Prepare yourself for a summer of revenge vacations.
New analysis of public opinion polling shows the public is itching for some rest and relaxation, with 63 percent of respondents in a March survey saying they’re excited about taking a vacation when the pandemic is under control and the economy has fully reopened.
Morning Consult has been tracking consumers’ comfort levels with re-engaging in various leisure activities, such as going to the mall or movies, since April 2020. But comfort in engaging in the activities that once defined our free time is one thing — and excitement about doing them again is another. The latest figures show which industries will benefit from pent-up, pandemic-induced demand among the public.
Most notably, it’s the travel industry, provided that consumer comfort levels rise. The latest survey results show that every demographic is excited about vacationing, although less excited about certain aspects of vacations.
This will come as welcome news to an industry that saw U.S. spending fall 42 percent, or $492 billion, in 2020 from the prior year, according to the trade group U.S. Travel Association. That includes a 30 percent drop in leisure travel spending.
Leading enthusiasm are wealthy Americans and those with a postgraduate degree: Roughly three-quarters of those respondents say they’re excited about taking a vacation when the pandemic is under control.
The results come amid optimism over the United States’ rollout of COVID-19 vaccines. The Centers for Disease Control and Prevention said on Monday that more than 128 million doses have been administered, with over 45 million people, or 13.5 percent of the population, fully vaccinated. Infectious disease specialists put herd immunity between 70 percent and 90 percent, a goal the country will reach by the end of July if the current pace of vaccinations is maintained.
The travel industry will have to increase consumers’ comfort levels of getting on an airplane, however, at least if it wishes to improve its air travel economy.
A deep discrepancy exists between the share of consumers who want to take a vacation (63 percent) and the share who are comfortable flying right now (29 percent).
Current air traveler figures are about half of what they were in 2019, according to the Transportation Security Administration. But passenger figures are on the rise, with roughly 1.5 million travelers going through TSA security on March 21, a number not reached in more than a year.
Until comfort levels improve, it’s likely more Americans will continue to travel more via car, with more than double (62 percent) saying they’re comfortable taking a road trip right now, and a roughly similar figure (56 percent) reporting they’re excited about doing so.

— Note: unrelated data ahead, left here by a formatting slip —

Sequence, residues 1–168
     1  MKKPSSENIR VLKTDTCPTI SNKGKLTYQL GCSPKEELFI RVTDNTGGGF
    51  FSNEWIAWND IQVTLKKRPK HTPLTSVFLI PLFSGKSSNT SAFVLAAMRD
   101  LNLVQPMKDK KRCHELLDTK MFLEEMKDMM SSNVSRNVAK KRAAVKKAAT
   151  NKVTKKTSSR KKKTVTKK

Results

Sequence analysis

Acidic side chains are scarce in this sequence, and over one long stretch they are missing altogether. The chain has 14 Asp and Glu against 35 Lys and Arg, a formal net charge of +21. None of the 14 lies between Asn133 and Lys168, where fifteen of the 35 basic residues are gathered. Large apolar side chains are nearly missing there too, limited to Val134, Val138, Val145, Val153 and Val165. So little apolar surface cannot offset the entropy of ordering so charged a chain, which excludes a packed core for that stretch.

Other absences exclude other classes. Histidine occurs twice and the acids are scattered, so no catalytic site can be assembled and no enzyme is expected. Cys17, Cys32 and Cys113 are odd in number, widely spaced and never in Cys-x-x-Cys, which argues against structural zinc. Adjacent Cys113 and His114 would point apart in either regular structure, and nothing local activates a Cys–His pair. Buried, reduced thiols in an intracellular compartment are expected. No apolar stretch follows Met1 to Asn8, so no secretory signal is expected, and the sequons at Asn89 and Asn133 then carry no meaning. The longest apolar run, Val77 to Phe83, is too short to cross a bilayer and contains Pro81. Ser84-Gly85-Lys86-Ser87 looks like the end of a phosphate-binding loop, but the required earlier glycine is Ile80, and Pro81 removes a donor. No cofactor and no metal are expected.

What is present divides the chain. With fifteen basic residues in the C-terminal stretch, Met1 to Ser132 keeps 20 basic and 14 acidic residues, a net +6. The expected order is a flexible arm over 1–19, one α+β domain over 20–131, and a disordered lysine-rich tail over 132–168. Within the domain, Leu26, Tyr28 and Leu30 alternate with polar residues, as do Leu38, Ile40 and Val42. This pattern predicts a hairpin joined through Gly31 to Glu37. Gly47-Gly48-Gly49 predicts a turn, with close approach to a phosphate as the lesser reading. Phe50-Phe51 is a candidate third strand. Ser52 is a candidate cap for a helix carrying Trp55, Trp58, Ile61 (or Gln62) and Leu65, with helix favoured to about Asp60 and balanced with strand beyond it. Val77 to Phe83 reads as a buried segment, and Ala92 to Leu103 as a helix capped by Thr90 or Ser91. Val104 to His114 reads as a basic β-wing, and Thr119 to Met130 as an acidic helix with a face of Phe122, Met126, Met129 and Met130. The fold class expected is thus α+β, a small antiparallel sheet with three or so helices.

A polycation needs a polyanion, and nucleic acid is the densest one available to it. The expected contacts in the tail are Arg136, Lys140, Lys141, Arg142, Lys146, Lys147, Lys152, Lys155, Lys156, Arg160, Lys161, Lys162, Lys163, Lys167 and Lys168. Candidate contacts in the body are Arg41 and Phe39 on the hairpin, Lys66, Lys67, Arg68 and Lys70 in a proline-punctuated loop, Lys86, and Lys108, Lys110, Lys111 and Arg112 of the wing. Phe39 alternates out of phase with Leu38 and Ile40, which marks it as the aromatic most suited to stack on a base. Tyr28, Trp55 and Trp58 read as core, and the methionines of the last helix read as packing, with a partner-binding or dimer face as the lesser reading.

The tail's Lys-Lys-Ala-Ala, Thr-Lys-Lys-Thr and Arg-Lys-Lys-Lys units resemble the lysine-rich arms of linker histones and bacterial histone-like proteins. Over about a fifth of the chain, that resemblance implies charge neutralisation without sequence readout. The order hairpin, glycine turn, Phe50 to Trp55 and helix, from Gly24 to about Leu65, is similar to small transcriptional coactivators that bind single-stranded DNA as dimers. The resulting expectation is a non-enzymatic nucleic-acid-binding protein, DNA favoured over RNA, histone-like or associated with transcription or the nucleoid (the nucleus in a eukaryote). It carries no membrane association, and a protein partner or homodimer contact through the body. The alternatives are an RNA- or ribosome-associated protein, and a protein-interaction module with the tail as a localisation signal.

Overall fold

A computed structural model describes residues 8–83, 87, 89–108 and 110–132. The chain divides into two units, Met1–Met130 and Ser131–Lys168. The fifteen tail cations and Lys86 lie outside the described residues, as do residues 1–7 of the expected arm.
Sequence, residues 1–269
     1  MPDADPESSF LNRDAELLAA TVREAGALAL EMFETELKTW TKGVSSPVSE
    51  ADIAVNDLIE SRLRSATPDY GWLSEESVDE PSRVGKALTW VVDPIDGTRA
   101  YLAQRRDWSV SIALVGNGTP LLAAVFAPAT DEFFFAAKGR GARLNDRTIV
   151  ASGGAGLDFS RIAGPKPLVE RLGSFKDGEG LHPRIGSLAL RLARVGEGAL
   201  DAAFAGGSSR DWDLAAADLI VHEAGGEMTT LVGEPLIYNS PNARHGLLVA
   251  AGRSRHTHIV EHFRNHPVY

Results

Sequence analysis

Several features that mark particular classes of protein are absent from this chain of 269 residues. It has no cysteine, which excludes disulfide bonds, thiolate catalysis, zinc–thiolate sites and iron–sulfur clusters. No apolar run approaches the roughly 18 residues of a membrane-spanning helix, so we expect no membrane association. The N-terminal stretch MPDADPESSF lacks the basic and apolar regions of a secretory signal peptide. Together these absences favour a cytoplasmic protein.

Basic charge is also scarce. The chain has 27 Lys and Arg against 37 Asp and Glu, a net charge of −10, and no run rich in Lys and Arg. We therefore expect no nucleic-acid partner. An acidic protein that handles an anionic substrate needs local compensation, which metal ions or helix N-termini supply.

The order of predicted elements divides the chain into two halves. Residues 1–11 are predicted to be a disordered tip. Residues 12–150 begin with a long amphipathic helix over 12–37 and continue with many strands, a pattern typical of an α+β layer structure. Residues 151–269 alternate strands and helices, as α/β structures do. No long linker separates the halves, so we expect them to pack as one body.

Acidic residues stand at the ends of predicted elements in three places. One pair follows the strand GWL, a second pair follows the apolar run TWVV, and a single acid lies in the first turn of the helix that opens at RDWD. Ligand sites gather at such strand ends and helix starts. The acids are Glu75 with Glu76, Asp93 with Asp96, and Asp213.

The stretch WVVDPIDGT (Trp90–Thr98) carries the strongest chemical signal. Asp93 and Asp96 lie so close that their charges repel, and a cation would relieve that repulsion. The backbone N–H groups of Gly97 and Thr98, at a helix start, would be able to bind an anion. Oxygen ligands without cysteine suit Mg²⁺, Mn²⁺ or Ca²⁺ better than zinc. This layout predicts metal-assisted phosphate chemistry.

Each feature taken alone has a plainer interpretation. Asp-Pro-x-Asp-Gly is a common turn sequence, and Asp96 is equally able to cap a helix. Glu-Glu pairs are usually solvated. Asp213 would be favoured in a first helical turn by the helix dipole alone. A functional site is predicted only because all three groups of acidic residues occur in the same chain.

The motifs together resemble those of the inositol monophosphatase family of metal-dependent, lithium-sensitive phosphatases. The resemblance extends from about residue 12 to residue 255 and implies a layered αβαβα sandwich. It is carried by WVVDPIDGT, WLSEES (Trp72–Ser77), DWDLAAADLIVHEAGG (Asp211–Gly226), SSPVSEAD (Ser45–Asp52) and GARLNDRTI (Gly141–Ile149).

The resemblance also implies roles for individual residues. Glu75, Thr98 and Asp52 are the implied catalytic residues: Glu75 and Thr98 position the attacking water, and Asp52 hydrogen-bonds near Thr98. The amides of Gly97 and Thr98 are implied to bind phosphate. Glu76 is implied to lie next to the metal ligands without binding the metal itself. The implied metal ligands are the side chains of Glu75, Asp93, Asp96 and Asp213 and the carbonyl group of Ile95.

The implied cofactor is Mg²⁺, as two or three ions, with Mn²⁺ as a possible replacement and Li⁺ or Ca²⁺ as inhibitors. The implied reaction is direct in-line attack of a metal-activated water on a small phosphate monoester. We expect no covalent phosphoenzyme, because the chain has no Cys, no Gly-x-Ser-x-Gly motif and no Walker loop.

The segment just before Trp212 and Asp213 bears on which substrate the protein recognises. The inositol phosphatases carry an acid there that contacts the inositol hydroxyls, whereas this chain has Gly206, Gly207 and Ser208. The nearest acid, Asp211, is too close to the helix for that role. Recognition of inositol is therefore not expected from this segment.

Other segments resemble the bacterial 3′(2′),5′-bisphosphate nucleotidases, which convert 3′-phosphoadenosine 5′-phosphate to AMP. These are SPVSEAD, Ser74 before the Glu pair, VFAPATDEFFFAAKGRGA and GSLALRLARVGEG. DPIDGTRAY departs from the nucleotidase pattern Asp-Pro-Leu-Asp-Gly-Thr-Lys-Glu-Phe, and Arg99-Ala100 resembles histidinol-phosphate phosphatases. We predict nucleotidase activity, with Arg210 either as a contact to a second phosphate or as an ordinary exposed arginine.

Excitement about vacationing is somewhat unusual in its appeal across generations: More than half of Gen Z adults (57 percent), Gen Xers (61 percent), baby boomers (64 percent) and millennials (65 percent) said they’re at least somewhat excited about taking a vacation.
When looking at other leisure activities, however, the generations tend to have different levels of anticipation. For example, just 30 percent of baby boomers report being excited about the idea of going to an amusement park, compared to 59 percent of Gen Z adults.
Indeed, it appears that millennials and, to some extent, Gen Z adults will bolster the post-pandemic economy. Millennials are nearly consistently the most eager to return to everyday activities, including going to the movies (60 percent), going to a sporting event (50 percent), traveling abroad (50 percent), going back to the gym (50 percent) and even traveling for work (42 percent).
This is despite millennials being the most likely to report that the pandemic is having a “major” impact on their finances, per a Morning Consult analysis from September.
The concert, movie theater and sports industries are also poised to benefit from pent-up demand, assuming that a continued successful vaccination rollout in the United States protects Americans against new COVID-19 variants.
Those industries have some of the largest gaps between the share of adults who currently feel comfortable doing key activities (“going to a concert,” “going to the movies” and “going to a sporting event”) and the share who are the most excited about the opportunity to do them again.
But the polling results also spell bad news for some sectors, such as the cruise industry.
One-third of respondents said they’re not excited about going on a cruise, including 45 percent of baby boomers, a key demographic for the industry.
Cruise lines are struggling with their very public connection to the COVID-19 pandemic, following a February 2020 outbreak on a Diamond Princess ship that sparked international headlines. While most U.S. cruise lines are not yet operating, Royal Caribbean announced in mid-March that it will resume its first North American cruise in June.